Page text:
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Privacy and Cybersecurity: A Rendezvous in Data Breaches

Anahita Thoms and Peter Jaffe of Freshfields Bruckhaus Deringer look at both cybersecurity requirements and breach notification rules, comparing U.S. laws with the key European Union laws. They focus on the requirements for data controllers because almost every company is a data controller, even if only because it handles its own employees’ data.

Insurance Challenges Ahead as Cyber Perils Shift

Joshua Gold of Anderson Kill P.C. writes: The landscape of insurance coverage for technology risk alters as fast as the risk itself—that is, constantly and dramatically. Today’s conventional wisdom can become obsolete in a heartbeat. Sound risk management will continue to require close monitoring of the situation, smart decision making and adaptability.

A Meeting of the Minds: Emerging Regulation and the Convergence of Cyber and Fraud

Joseph Nocera and Douglas B. Bloom of PwC discuss new regulatory developments, writing that these new rules will require organizations to enhance many aspects of their cybersecurity programs. However, the combination of incident reporting requirements from both FinCEN’s advisory and DFS’s Part 500 demands a level of convergence between financial fraud and cyber controls in the banking industry heretofore unseen.

Do Mitigation Efforts Give Plaintiffs a Right to Sue in Data Breach Cases?

Seth D. Rothman and Dennis S. Klein of Hughes Hubbard & Reed write: Imagine that your credit card information is stolen in a data breach. Do you have standing to sue the company where the data breach occurred? Most courts would say “no,” not unless the hackers misuse your information and you incur fraudulent charges. But if there is a substantial risk that this may happen and you take steps to prevent it, you may be able to recover your mitigation costs.

Regulatory Oversight of Third-Party Arrangements: Who’s Writing the Contract?

John Kennedy, Michelle DeBarge and Timothy Wright of Wiggin and Dana write: Responding to the growing recognition of “third-party risk,” regulators are sharpening their focus on how businesses manage third-party providers, to the point of mandating (or at least strongly encouraging) specific types of terms in contracts with parties that access or manage a company’s systems or data. Regulators are further extending their reach by mandating cybersecurity policy content and certain risk management practices for third-party provider arrangements.

Cybersecurity for Law Firms: Business Imperatives Update 2017

Following the maxim that it’s better to light a candle than to curse the darkness, Kenneth N. Rashbaum of Barton LLP suggests practices for law firms to mitigate cybersecurity risks.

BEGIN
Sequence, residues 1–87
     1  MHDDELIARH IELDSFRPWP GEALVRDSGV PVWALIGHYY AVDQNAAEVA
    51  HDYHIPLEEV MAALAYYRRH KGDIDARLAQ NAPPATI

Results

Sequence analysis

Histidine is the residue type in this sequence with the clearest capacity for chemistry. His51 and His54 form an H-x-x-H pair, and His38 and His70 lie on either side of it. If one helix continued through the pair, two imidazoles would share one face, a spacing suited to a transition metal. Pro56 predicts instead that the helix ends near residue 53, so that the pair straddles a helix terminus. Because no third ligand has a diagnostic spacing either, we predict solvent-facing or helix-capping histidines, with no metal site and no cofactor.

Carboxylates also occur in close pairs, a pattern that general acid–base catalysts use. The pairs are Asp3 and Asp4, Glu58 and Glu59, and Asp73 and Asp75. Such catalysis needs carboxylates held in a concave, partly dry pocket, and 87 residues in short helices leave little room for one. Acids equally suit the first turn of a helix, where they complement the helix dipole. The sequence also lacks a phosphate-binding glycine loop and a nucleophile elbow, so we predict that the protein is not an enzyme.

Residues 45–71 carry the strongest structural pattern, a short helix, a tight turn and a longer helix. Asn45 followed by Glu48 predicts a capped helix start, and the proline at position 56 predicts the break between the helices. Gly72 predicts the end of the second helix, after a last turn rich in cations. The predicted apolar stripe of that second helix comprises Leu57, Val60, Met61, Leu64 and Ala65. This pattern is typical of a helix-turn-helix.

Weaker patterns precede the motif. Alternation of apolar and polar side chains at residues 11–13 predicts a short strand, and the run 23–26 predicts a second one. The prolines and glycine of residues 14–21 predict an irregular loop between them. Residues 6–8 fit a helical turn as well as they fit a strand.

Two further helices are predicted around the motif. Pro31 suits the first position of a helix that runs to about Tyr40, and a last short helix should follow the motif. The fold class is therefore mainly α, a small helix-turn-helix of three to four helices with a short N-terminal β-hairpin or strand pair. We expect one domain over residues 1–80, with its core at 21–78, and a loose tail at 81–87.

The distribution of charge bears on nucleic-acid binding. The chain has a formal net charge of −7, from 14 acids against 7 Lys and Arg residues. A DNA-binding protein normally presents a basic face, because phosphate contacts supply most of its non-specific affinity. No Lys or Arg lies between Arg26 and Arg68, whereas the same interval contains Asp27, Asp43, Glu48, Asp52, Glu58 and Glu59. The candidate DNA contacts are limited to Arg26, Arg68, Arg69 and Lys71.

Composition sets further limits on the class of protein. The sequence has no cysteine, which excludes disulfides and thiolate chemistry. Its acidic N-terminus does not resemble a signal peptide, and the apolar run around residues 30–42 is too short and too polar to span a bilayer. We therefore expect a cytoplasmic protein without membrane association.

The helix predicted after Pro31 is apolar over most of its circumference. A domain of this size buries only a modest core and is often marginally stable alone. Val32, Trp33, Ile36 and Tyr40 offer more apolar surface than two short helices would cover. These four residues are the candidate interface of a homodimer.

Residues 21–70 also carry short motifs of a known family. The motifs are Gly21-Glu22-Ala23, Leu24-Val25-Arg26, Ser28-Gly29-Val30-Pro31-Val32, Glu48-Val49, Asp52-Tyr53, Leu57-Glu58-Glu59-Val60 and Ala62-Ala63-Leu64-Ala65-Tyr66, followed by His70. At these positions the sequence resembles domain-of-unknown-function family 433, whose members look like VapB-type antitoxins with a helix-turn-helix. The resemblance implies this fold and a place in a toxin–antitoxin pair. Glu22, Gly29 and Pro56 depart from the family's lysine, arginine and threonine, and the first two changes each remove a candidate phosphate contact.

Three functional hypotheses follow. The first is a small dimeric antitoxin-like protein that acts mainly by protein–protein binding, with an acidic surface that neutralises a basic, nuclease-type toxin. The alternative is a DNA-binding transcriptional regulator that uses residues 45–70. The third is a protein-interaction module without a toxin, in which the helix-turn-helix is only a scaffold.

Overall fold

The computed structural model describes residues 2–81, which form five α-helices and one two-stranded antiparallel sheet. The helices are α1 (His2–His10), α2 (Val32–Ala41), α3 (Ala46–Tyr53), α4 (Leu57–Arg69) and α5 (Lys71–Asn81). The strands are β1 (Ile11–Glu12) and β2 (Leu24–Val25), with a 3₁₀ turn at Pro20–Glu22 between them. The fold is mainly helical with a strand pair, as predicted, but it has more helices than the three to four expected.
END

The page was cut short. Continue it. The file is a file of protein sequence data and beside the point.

Privacy and Cybersecurity: A Rendezvous in Data Breaches

Anahita Thoms and Peter Jaffe of Freshfields Bruckhaus Deringer look at both cybersecurity requirements and breach notification rules, comparing U.S. laws with the key European Union laws. They focus on the requirements for data controllers because almost every company is a data controller, even if only because it handles its own employees’ data.

Insurance Challenges Ahead as Cyber Perils Shift

Joshua Gold of Anderson Kill P.C. writes: The landscape of insurance coverage for technology risk alters as fast as the risk itself—that is, constantly and dramatically. Today’s conventional wisdom can become obsolete in a heartbeat. Sound risk management will continue to require close monitoring of the situation, smart decision making and adaptability.

A Meeting of the Minds: Emerging Regulation and the Convergence of Cyber and Fraud

Joseph Nocera and Douglas B. Bloom of PwC discuss new regulatory developments, writing that these new rules will require organizations to enhance many aspects of their cybersecurity programs. However, the combination of incident reporting requirements from both FinCEN’s advisory and DFS’s Part 500 demands a level of convergence between financial fraud and cyber controls in the banking industry heretofore unseen.

Do Mitigation Efforts Give Plaintiffs a Right to Sue in Data Breach Cases?

Seth D. Rothman and Dennis S. Klein of Hughes Hubbard & Reed write: Imagine that your credit card information is stolen in a data breach. Do you have standing to sue the company where the data breach occurred? Most courts would say “no,” not unless the hackers misuse your information and you incur fraudulent charges. But if there is a substantial risk that this may happen and you take steps to prevent it, you may be able to recover your mitigation costs.

Regulatory Oversight of Third-Party Arrangements: Who’s Writing the Contract?

John Kennedy, Michelle DeBarge and Timothy Wright of Wiggin and Dana write: Responding to the growing recognition of “third-party risk,” regulators are sharpening their focus on how businesses manage third-party providers, to the point of mandating (or at least strongly encouraging) specific types of terms in contracts with parties that access or manage a company’s systems or data. Regulators are further extending their reach by mandating cybersecurity policy content and certain risk management practices for third-party provider arrangements.

Cybersecurity for Law Firms: Business Imperatives Update 2017

Following the maxim that it’s better to light a candle than to curse the darkness, Kenneth N. Rashbaum of Barton LLP suggests practices for law firms to mitigate cybersecurity risks.